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 1 
 on: Today at 10:07:20 am 
Started by Ian Moore - Last post by ahinton
How about Music Today and Tomorrow?

 2 
 on: Today at 10:06:04 am 
Started by britishcomposer - Last post by ahinton
To be broadcast this evening, 8 pm, by Deutschlandfunk Kultur, the programme includes a piece by our esteemed member Alastair:


Raritäten der Klaviermusik
Schloss vor Husum, Rittersaal
Aufzeichnung vom 21.08.2017

George Enescu
Choral et Carillon nocturne aus Suite Nr. 3, op. 18

Marc-André Hamelin
Pavane variée

Alistair Hinton
Vocalise-Reminiscenza op. 29

Samuel Feinberg
Sonate Nr.2 a-Moll, op. 2
Sonate Nr.1 A-Dur, op. 1
Sonate Nr.4 es-Moll, op. 6

Léon Jongen
Campeador

Moritz Moszkowski
Valse op. 34 Nr. 1
Caprice espagnol op. 37

Marc-André Hamelin, Klavier

http://www.deutschlandfunkkultur.de/programmvorschau.282.de.html
Thank you for drawing attention to this. Sadly, I was unable to attend personally but I'm looking forward to listening in this evening.

 3 
 on: Today at 08:41:55 am 
Started by britishcomposer - Last post by britishcomposer
To be broadcast this evening, 8 pm, by Deutschlandfunk Kultur, the programme includes a piece by our esteemed member Alastair:


Raritäten der Klaviermusik
Schloss vor Husum, Rittersaal
Aufzeichnung vom 21.08.2017

George Enescu
Choral et Carillon nocturne aus Suite Nr. 3, op. 18

Marc-André Hamelin
Pavane variée

Alistair Hinton
Vocalise-Reminiscenza op. 29

Samuel Feinberg
Sonate Nr.2 a-Moll, op. 2
Sonate Nr.1 A-Dur, op. 1
Sonate Nr.4 es-Moll, op. 6

Léon Jongen
Campeador

Moritz Moszkowski
Valse op. 34 Nr. 1
Caprice espagnol op. 37

Marc-André Hamelin, Klavier

http://www.deutschlandfunkkultur.de/programmvorschau.282.de.html

 4 
 on: August 23, 2017, 11:26:25 pm 
Started by Ian Moore - Last post by Jeff
In view of another hot topic here,what about.......Annoyingly Good New Music?

 5 
 on: August 23, 2017, 06:54:01 pm 
Started by Ian Moore - Last post by Gauk
But "Seven States of Rain" (and there are many worse) tells the listener nothing except that the composer is rather pretentious.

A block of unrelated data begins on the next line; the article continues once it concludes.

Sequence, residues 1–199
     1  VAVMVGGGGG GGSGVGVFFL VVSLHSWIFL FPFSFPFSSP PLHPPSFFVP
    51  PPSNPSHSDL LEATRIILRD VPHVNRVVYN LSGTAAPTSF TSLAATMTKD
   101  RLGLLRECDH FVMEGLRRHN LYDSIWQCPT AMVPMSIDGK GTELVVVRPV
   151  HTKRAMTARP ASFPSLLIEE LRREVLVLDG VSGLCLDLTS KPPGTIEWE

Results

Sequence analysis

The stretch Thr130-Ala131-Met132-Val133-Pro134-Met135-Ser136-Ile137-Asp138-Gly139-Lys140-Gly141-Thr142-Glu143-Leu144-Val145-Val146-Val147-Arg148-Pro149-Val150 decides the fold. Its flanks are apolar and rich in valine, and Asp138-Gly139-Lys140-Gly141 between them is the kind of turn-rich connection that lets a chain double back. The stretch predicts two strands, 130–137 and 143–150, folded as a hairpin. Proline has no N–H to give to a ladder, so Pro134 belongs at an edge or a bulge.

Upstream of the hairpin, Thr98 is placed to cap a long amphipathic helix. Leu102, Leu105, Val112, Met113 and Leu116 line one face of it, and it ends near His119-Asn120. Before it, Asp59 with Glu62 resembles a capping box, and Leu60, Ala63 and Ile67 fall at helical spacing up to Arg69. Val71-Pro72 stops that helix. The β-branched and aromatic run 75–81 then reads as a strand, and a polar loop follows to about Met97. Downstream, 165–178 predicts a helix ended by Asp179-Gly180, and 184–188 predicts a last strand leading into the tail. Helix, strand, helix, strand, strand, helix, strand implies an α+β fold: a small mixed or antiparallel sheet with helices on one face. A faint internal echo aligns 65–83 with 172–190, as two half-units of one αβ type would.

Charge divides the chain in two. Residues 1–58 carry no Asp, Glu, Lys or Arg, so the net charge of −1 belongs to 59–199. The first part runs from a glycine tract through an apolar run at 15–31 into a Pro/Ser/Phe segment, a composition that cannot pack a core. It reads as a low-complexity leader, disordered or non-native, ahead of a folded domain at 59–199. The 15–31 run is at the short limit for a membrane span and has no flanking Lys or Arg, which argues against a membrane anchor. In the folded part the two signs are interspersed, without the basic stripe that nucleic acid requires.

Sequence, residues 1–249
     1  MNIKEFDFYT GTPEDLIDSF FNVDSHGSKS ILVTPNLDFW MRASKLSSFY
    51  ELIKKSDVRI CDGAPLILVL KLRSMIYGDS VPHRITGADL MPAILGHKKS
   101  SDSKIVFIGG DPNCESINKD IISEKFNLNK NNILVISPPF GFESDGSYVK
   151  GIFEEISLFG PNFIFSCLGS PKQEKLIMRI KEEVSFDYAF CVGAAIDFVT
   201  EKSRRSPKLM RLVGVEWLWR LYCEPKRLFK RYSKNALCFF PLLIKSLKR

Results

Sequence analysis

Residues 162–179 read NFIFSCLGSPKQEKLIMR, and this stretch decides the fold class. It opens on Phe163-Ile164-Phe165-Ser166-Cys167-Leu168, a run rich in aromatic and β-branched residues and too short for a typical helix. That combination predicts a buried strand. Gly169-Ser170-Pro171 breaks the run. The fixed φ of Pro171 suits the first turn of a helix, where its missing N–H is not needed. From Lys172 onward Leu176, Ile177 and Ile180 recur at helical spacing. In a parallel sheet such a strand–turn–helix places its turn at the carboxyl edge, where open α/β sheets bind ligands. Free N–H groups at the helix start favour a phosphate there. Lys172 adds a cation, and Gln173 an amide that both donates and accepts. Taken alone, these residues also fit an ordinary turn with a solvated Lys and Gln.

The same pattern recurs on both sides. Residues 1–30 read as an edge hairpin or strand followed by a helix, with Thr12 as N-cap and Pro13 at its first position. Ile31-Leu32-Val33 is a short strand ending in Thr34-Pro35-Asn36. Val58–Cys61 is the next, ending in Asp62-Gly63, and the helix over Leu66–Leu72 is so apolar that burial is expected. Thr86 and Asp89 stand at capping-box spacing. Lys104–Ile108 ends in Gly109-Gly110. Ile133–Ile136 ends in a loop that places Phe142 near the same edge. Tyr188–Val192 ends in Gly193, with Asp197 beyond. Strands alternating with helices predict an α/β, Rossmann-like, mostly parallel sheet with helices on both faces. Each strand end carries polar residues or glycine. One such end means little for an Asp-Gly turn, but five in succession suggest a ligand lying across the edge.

I'm largely with you up to that point...  but then the iceberg starts to melt for me.

What is that makes "Seven States Of Rain" pretentious (if, let us say, the composer seriously intended to portray different kinds of precipitation as music), but "Four Sea Interludes" is perfectly fine? Or indeed, Awakening of cheerful feelings upon arrival in the countryside ?


There are many worse examples, but I was short of time and looking fro something specifically for violin and piano. The work is not seven states of rain. Four Sea Interludes ARE interludes. If it had been entitled "Rain: Seven sketches for violin and piano" there would be no criticism of it at all. And when did you ever hear anyone talk about a "state of rain", anyway?

Let's go back to Alastair's point that modern works often don't follow classical forms, and you can't call a piece a violin sonata if it's not a sonata. Whet irks me is that when a piece evidently DOES fit a classical title, it's not used. Let's take a recent example: Julian Anderson's recent Proms commission. This is a piano concerto, and was introduced as a piano concerto, but is it called "Piano Concerto No 1"? No, it's called "The Imaginary Museum". Not even "Piano Concerto 'The Imaginary Museum'". Note that definitive article, as though there is one imaginary museum somewhere in the world and we ought to know about it. If it had been called "An Imaginary Museum", even, that would have struck a less pretentious note.

In contrast, take James Dillon. A work like Helle Nacht doesn't call out for any formal title, and the title it has is fine. But when Dillon writes a string quartet, he calls it "String Quartet No 8" (or whatever), and not "Remembered Crystal Geometries".

 6 
 on: August 23, 2017, 05:59:18 pm 
Started by Ian Moore - Last post by dhibbard
The District of Columbia Musical World

 7 
 on: August 23, 2017, 05:53:29 pm 
Started by Ian Moore - Last post by dhibbard
yep.. it has already been used:


 The quarterly journal Modern Music was first published in New York under the title League of Composers Review from February 1924 through January 1925. In April 1925 the title was changed to Modern Music and publication continued uninterrupted under this name until the fall issue of 1946. The purpose of the journal was to inform American professional musicians and the American (and European) public about the new idioms and styles of twentieth-century music. According to the editor Minna Lederman, “Modern Music had no fixed editorial position about any composer, any movement. Its pages recorded derogatory opinions about, as well as homage to, even the greatest figures of the age—Schoenberg and Stravinsky, who were under its most constant observation.”